I close this post, and thus these last thirty days with a quote by the writer and man with his finger on the pulse of humanity, Joseph Campbell. These words from his book The Power of Myth have become a daily inspiration:

You must have a room, or a certain hour or so a day, where you don’t know what was in the newspapers that morning, you don’t know who your friends are, you don’t know what you owe anybody, you don’t know what anybody owes to you. This is a place where you can simply experience and bring forth what you are and what you might be. This is the place of creative incubation. At first you may find that nothing happens there. But if you have a sacred place and use it, something eventually will happen.

Day 29 – Snow Day!

(This post is part of the 30 for 30 Challenge).

For all of my friends in the mid-Atlantic states today, take care and take cover.

The last time we had snow like this in the region was February 2010, given the hyperbolic name of Snowmagedon by the media. I was living in Washington, D.C., at the time, and remember the endless snow, blowing winds, and brave (stupid?) drivers navigating the blanket of white where roads used to be. The city was pretty much shut down for a week which gave me a LOT of time at home to myself. No distractions from friends to go out and spend money. Just me at home, the white stuff coming down outside, as if by machines that someone forgot to turn off.


Snow days 2010

Continue reading

Day 28 – Thoughts on Finding Meaning

(This post is part of the 30 for 30 Challenge.)

What does it mean to be fulfilled?  To have a meaningful life?  As sentient beings, aware of our past and future selves, how do we reconcile our sense of meaningfulness in the present? Some of us find solace in religion, and resign to its teachings of  mystery and sacrifice as a way towards greater meaning. Others find meaning and purpose in how they make their livelihood, or the activities that make up their daily lives (parenting, teaching, cooking, etc.).  Still others find their deepest meaning when silencing the mind, and disconnecting from their worldly relations. Continue reading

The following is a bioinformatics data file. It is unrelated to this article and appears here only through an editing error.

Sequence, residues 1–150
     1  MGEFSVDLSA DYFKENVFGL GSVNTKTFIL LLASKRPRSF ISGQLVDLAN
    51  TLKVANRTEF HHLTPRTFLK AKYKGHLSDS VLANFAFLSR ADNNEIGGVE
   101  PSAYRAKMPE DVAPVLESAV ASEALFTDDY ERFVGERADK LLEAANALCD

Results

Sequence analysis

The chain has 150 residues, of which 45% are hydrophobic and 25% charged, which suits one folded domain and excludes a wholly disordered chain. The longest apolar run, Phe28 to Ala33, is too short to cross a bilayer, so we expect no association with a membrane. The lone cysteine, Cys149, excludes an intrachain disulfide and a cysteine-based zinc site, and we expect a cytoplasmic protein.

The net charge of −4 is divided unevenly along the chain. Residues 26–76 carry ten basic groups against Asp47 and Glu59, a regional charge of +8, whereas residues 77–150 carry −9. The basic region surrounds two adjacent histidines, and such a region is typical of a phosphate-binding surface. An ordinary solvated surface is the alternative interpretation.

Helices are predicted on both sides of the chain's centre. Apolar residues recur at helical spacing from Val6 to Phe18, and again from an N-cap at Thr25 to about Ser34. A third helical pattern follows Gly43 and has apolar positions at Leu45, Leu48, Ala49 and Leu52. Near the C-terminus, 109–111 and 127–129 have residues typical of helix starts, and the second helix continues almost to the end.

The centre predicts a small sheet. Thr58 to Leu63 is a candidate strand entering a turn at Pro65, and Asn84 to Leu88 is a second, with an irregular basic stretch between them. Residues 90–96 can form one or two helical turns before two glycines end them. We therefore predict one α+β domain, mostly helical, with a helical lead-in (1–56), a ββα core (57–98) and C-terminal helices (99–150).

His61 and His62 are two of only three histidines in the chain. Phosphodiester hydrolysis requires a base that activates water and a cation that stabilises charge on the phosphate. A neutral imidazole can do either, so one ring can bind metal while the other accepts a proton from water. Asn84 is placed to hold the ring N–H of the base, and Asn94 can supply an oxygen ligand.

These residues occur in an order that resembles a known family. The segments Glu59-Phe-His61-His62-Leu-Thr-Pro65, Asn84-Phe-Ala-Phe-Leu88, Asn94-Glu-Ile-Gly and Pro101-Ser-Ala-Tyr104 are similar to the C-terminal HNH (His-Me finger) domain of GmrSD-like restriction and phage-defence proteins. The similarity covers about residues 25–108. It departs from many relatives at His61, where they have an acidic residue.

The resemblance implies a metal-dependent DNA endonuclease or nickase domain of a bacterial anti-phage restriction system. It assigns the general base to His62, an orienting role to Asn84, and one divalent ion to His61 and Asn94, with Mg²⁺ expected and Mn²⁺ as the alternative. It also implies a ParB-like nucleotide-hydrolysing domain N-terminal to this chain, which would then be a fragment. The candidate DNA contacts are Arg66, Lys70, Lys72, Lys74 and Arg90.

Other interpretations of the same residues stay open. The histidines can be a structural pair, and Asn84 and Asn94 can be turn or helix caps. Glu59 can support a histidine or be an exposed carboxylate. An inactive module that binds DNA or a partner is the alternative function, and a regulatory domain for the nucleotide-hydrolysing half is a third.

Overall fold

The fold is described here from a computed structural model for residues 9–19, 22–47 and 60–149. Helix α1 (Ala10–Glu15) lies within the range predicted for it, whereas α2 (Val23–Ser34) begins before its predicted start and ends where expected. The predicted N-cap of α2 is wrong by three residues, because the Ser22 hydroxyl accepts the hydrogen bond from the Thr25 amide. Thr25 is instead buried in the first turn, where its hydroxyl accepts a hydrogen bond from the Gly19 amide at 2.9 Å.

Day 27 – This post is NOT about Sarah Palin

(This post is part of the 30 for 30 Challenge).

The only thing seemingly newsworthy of the Sarah Palin endorsement of Donald Trump is the fact of her increasing inability to form sentences and coherent thoughts. I didn’t think that was possible based on past appearances, but little ceases to amaze me these days. My favorite headline of the endorsement which sums it quite nicely was from Slate titled “Hot Mess Endorses Dumpster Fire”.

But I will not be talking about Sarah Palin, at least not directly. Continue reading

Day 26 – 10 Netlfix Documentaries for People Who Would Rather Read

(This post is part of the 30 for 30 Challenge).

Today’s post is Buzzfeed inspired.  That is, I’m giving you a glorified list of things.

A little over three years ago I cancelled my cable (part of my path towards financial freedom), and decided I would read more.  Even though most evenings I would rather spend curled up with a good book, like anyone else, I still enjoy the occasional Netflix evening – minus the “and chill” part.